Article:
The Los Angeles Business Journal’s government affairs reporter, Howard Fine, wrote last month that cigar shops may be the biggest victim if Proposition 29 passes in June.

The measure would raise the tax on cigarettes by $1 a pack, which has gotten most of the attention. But Fine wrote that cigars also would be taxed heavily, and cigar shops would be particularly vulnerable because they sell cigars and paraphernalia almost exclusively. Cigarettes, by contrast, are typically sold in groceries and places that don’t depend on those sales.

A box of 18 premium cigars that sell for $265 would likely go to about $305 if the tax increase passes. Since Internet sales of cigars are already cheaper, the tax increase may be what finally pushes remaining cigar smokers to drive past their neighborhood tobacco shop and order online. And that could be devastating to California’s 300 or so tobacco specialty shops, scores of which are in Los Angeles County.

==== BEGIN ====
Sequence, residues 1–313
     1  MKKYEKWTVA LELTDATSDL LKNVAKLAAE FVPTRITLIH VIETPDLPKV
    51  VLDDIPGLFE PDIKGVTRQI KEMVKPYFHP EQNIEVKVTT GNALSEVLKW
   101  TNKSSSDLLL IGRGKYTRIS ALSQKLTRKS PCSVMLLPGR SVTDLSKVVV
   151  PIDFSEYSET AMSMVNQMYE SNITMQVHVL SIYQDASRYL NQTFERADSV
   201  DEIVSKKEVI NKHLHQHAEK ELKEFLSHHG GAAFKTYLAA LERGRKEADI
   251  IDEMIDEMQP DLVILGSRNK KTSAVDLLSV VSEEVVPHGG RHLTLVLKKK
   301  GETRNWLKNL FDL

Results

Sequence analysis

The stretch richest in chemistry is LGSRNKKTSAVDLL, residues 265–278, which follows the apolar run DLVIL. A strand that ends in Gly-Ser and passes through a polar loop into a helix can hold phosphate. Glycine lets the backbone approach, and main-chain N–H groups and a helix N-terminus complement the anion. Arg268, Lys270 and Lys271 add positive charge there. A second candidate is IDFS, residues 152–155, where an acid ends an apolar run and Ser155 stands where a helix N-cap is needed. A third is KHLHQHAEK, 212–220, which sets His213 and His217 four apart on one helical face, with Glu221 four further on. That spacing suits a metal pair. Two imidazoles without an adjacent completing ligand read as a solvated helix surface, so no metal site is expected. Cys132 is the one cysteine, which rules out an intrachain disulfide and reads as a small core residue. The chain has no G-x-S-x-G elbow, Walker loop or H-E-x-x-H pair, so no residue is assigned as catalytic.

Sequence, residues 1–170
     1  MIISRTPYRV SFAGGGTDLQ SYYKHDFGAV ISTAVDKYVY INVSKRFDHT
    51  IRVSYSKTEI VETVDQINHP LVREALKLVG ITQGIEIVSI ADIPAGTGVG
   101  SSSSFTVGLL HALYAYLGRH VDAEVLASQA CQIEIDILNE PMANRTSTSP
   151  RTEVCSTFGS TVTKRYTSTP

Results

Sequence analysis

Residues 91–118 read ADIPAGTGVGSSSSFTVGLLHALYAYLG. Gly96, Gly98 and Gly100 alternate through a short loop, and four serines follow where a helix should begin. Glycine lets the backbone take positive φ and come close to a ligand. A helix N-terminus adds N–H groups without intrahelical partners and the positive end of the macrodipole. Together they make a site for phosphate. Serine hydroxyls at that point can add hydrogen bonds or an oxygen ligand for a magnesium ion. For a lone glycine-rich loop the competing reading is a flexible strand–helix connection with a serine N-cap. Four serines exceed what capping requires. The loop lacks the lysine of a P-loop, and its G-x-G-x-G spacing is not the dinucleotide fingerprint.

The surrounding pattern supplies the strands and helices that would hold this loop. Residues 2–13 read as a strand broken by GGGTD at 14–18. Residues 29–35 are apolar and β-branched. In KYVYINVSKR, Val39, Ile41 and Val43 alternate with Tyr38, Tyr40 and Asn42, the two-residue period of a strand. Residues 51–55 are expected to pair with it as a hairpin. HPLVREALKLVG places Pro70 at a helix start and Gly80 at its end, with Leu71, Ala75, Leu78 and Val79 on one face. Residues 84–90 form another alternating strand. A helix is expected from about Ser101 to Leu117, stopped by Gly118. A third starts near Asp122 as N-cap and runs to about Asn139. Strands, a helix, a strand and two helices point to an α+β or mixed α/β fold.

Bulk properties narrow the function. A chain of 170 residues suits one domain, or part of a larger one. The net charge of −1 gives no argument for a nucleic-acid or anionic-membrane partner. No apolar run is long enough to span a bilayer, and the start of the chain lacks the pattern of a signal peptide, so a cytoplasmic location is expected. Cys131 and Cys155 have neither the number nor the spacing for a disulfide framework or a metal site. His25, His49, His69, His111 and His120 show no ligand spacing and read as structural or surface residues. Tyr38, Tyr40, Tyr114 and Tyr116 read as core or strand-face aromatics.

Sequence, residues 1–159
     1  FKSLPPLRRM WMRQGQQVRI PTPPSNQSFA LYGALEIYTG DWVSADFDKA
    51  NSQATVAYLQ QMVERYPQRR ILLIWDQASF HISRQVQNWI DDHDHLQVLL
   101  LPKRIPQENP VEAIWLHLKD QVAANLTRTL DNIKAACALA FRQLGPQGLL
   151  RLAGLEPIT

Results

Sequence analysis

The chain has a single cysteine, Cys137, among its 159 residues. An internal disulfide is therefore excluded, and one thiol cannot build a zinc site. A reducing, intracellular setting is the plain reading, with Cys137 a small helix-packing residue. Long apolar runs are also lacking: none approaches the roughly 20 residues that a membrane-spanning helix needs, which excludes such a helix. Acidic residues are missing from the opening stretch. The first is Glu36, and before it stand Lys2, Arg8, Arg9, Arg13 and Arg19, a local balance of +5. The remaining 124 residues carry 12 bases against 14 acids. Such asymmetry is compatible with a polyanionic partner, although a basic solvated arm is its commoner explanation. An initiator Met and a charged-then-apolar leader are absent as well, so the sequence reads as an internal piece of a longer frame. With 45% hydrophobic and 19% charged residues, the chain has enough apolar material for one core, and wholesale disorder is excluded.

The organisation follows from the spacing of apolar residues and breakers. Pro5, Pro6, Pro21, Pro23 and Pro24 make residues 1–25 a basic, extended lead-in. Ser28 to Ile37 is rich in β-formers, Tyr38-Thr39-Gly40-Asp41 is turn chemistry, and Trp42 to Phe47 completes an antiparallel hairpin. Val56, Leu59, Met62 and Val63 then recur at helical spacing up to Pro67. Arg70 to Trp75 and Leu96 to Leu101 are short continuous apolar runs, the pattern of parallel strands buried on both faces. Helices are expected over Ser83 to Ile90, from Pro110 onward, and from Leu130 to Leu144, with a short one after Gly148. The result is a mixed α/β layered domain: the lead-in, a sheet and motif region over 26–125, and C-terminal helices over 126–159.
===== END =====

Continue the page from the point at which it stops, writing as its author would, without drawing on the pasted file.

So it was interesting to see the poll last week showing that support of Prop 29 collapsing. According to the Public Policy Institute of California, 53 percent favor it – down 14 points from the polling done in March.

Who knows if the downward trend will continue. But suddenly, the proposition doesn’t appear quite so inevitable.

And maybe, just maybe, hundreds of cigar shops and tobacco specialty shops – mostly small, family owned businesses – will be saved.